Right now, I'm working on very basic technique exercises like scales and arpeggios, Czernyís Etudes and the repertoire is focusing on J.S Bachís three-part invention (also called Sinfonia). I think two-part and sinfonias are important basic before learning his Well-Tempered Clavier so I started practicing them.

My current teacher advised me to take the Trinity or ABRSM 8th grade.
Because it make me try to practice repertoire from other periods as well.
I think thisís a good idea, but it would be difficult for me to pay for the application fee for it haha.
Do you think it's necessary?
I asked the people who studied there. They said it wasnít necessary in Russia.

I told a long story. I want to express my feelings. I'm too stressed and If anyone can tell me any experience that helped me figure out this career journey. 
I'd love to hear from you and thank you all in advance.

Johann Sebastian Bach:
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- Biography & quotes
- Related forum topics & articles
Ludwig van Beethoven:
- Top pieces & piano scores to download
- Biography & quotes
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Offline keypeg

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I can't answer directly right now, but for feelings, here's food for thought.  Yesterday I read a letter that a famous piano teacher wrote to the mother of an adult son who wanted to switch from law to music. The adult son had taken some lessons with this teacher.  The teacher wrote quite cautiously about the young man:
He seems to think that getting great technique is all there is to being a pianist - he has a wrong idea.  Will he bother, day in day out, to slog out everything that needs to be done - or will he pop off mid-week to see his friends to impress them with his emotional fantasies, being fooled by their praise and encouragement?  Will this young man bother to study theory and all the things that  his own daughter had been trained in since early childhood?  And does he know that pianist can't realy make a living unless he also teaches?  In short, this teacher's letter was full of caution and doubt.  The mother gave the letter to her son to read.  The son moved to the city, and studied with the teacher.

Oh, and the young man was the famous Schumann.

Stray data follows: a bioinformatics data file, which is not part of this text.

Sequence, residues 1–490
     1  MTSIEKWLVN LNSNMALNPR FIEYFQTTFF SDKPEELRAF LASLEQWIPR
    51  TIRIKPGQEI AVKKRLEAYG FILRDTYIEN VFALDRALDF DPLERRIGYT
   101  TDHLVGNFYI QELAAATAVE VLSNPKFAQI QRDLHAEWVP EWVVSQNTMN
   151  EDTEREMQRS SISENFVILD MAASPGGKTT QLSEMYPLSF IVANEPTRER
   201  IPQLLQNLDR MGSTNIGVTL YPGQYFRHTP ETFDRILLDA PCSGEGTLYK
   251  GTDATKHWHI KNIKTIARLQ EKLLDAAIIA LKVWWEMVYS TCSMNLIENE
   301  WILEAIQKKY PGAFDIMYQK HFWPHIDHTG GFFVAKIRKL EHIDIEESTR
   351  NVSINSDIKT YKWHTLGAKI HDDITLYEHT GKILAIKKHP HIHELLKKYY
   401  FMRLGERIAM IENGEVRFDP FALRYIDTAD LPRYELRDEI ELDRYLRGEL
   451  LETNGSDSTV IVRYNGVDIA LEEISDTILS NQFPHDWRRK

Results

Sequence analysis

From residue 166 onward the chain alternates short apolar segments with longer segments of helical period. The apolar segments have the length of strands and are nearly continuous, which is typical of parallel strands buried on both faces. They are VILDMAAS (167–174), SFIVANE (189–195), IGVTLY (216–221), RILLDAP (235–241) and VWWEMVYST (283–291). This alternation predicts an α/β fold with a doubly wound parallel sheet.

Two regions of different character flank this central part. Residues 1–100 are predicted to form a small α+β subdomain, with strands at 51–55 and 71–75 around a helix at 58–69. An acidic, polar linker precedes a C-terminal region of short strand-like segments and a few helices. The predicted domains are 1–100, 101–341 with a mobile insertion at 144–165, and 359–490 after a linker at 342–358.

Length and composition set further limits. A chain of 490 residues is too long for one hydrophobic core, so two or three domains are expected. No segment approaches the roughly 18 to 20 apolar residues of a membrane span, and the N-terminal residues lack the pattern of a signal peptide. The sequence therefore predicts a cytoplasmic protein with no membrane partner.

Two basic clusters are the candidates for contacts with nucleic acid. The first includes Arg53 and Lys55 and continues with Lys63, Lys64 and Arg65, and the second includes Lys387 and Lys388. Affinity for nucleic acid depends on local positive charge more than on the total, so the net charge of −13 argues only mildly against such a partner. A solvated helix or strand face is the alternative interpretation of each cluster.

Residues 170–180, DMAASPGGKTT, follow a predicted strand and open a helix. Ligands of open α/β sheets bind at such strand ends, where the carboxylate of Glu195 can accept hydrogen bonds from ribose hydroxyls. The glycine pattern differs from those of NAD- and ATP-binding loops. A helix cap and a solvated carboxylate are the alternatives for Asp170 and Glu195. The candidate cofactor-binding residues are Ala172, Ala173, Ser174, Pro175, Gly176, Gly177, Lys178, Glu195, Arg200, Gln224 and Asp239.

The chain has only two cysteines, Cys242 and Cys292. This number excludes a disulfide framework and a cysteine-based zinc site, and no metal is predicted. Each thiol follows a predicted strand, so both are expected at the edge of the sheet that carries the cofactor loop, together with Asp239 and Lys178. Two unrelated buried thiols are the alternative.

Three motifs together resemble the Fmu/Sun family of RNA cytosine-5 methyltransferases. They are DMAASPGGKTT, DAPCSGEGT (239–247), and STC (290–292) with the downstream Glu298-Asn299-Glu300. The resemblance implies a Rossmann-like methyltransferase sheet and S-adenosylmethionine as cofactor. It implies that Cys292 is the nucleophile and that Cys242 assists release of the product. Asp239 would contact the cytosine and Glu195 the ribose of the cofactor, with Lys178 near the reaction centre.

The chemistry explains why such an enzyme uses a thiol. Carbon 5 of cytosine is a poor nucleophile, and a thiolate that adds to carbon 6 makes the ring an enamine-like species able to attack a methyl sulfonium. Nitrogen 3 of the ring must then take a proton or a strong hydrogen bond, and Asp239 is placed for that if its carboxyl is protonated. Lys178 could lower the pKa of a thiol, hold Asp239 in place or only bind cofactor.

Offline pierusskiy

  • PS Silver Member
  • Newbie
  • ***
  • Posts: 11
I can't answer directly right now, but for feelings, here's food for thought.  Yesterday I read a letter that a famous piano teacher wrote to the mother of an adult son who wanted to switch from law to music. The adult son had taken some lessons with this teacher.  The teacher wrote quite cautiously about the young man:
He seems to think that getting great technique is all there is to being a pianist - he has a wrong idea.  Will he bother, day in day out, to slog out everything that needs to be done - or will he pop off mid-week to see his friends to impress them with his emotional fantasies, being fooled by their praise and encouragement?  Will this young man bother to study theory and all the things that  his own daughter had been trained in since early childhood?  And does he know that pianist can't realy make a living unless he also teaches?  In short, this teacher's letter was full of caution and doubt.  The mother gave the letter to her son to read.  The son moved to the city, and studied with the teacher.

Oh, and the young man was the famous Schumann.


Thanks for sharing Schumannís story.
Actually, I just read some of his biography from you.
It seems to me (like him) that Iím really reluctant to choose a main future career.
I don't know if my piano skills are good enough for a career as a pianist or not.
As far as I know. People around me who graduated piano performance from European conservatory or music university, most of them are music teachers and rarely to give recitals or concerts. 
I feel really hopeless :(